A few short years ago, it may seem unfathomable to share your personal assets via the Internet. But with the advanced technology today, it has made sharing cheaper and easier than ever. This booming industry is said to be worth USD15 billion today and as much as USD35 billion by 2025.
Over the years, the sharing economy has disrupted many industries – transportation, travel, hospitality, beauty, just to name a few. But the poster child of this phenomenon has got to be home-sharing company, Airbnb and ride-sharing giant, Uber.
Airbnb’s global success
Few companies have had the kind of global success similar to Airbnb. Since its birth in 2008, Airbnb has been able to grow without much real competition. Currently, with about two million listings across more than 190 countries, the San Francisco-based firm may be the most globalized among its P2P peers. Asia, in fact, is one of its fastest-growing regions. In 2015, Airbnb put together a list of the areas that have seen the greatest growth in bookings. The list was dominated by Asian countries, with Japan, Thailand and Malaysia taking the top three spots.
Uber’s active growth in Asia
While Uber operates in less than half the number of countries as Airbnb, the ride-sharing giant is still the most valuable startup in the United States and across the globe. In recent years, Uber’s been steadily increasing its presence in Asia – raising USD2.1 billion in 2015 to power its growth in Asian countries where it faces fierce competition. Uber now has active operations in most major cities in Southeast Asia, and this part of the world is said to have grown significantly faster than their businesses in Europe and the United States.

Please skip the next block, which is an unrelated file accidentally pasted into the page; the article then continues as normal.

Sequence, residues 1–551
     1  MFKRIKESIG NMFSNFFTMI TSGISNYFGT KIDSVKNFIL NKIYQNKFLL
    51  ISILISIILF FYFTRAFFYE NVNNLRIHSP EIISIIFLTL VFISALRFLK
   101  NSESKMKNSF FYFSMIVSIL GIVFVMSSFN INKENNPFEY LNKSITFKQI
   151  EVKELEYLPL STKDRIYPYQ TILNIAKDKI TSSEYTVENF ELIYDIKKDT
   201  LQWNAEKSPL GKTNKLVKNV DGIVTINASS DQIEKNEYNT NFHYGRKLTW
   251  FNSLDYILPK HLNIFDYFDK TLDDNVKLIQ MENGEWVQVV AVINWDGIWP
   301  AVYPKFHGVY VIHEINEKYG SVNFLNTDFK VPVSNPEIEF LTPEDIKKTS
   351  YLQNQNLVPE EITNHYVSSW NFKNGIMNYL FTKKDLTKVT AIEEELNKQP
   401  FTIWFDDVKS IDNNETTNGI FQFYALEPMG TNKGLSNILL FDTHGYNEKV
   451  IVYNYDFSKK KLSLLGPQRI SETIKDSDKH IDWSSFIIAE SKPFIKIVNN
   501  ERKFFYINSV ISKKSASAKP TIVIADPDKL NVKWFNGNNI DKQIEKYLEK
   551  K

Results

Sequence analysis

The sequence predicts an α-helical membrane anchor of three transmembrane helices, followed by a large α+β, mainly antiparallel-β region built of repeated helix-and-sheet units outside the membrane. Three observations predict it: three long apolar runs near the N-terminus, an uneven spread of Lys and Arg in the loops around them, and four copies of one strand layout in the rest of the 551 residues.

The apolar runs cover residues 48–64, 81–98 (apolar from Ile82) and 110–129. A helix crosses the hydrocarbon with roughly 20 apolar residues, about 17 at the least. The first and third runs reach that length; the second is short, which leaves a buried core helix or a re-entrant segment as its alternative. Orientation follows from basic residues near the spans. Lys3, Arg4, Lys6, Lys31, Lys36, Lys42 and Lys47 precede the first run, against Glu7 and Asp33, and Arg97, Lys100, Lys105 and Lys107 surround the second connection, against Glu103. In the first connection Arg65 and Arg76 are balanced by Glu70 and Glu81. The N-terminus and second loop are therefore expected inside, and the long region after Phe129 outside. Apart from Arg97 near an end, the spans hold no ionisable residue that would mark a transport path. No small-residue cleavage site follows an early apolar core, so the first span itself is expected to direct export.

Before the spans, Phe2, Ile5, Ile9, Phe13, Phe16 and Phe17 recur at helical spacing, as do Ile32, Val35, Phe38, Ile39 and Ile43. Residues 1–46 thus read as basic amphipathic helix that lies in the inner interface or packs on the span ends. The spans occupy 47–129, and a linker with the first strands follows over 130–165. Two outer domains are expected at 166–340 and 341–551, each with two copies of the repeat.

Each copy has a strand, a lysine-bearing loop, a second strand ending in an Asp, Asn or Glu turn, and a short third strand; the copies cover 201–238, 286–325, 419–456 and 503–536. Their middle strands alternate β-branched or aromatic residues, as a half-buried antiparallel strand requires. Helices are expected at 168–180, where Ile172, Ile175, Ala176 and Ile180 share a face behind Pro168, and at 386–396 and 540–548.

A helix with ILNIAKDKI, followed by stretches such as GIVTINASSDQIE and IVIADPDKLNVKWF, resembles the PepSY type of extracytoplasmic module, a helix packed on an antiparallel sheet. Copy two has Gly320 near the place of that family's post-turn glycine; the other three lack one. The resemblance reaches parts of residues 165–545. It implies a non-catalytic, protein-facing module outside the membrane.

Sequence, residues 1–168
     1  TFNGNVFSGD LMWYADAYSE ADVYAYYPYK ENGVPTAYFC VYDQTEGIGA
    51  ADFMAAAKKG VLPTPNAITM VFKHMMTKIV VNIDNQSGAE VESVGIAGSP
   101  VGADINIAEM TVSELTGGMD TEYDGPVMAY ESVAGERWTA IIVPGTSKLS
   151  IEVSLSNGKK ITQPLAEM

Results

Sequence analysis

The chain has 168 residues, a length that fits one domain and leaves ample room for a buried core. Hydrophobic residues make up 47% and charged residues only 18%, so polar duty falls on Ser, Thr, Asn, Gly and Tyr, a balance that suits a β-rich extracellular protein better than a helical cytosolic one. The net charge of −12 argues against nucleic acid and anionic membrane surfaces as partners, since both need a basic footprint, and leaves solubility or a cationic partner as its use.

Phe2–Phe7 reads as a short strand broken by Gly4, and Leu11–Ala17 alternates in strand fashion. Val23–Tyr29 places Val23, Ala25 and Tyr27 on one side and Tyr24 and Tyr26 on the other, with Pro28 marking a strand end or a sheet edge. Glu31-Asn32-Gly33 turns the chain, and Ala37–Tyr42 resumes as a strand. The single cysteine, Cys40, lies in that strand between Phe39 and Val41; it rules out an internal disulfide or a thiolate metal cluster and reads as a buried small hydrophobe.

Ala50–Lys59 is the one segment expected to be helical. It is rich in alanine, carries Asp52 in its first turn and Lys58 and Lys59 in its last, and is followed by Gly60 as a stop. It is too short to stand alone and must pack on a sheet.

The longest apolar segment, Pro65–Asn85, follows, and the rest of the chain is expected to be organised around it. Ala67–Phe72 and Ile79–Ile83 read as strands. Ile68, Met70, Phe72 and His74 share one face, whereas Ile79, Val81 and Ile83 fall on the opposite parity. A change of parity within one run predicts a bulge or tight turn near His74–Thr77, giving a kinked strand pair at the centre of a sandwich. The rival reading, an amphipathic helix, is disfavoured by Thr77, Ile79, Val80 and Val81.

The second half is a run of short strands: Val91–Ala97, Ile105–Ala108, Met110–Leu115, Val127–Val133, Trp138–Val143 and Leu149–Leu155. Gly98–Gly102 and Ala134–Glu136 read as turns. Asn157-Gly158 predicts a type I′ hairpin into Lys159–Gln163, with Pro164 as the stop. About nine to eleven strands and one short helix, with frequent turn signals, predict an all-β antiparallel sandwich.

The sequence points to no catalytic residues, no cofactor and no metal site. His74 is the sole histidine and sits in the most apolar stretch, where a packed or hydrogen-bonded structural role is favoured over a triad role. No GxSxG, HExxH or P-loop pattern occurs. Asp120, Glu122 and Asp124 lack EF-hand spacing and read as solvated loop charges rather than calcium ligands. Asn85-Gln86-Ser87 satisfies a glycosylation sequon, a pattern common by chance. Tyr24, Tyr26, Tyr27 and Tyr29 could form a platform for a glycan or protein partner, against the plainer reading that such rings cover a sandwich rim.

Despite their successes, stringent rules challenge the survival of businesses in the sharing economy
As consumers in Asia open up to the sharing concept, the region certainly possesses a tremendous growth potential for the rising number of startups that are using this concept to launch new and promising businesses.
However, as evidenced by Airbnb and Uber’s frequent clashes with local governments, it is clear that both parties are still struggling to find a good fit for these platforms in the existing business environment. Even Singapore, a keen early adopter, has recently clamped down on Airbnb and Uber with a tighter set of rules that could disrupt their business models and growth in Asia.
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Despite these challenging hurdles, Uber and Airbnb have taken their respective industries by storm. What are the reasons for their resounding success? Are there any collaborative efforts to harness the potential of this industry?
Find out at Tech in Asia Singapore 2017 on May 18 as the APAC leaders of Airbnb, Uber and GovTech Singapore gathers for a sharing economy panel at Main Stage. If you’re a startup in the sharing economy, this is also a great chance to learn more about the nuts and bolts of the industry and how these regulations can affect you.
T-5 days to one of the largest tech startup conference in Asia. Have you gotten your ticket yet? What are you waiting for?
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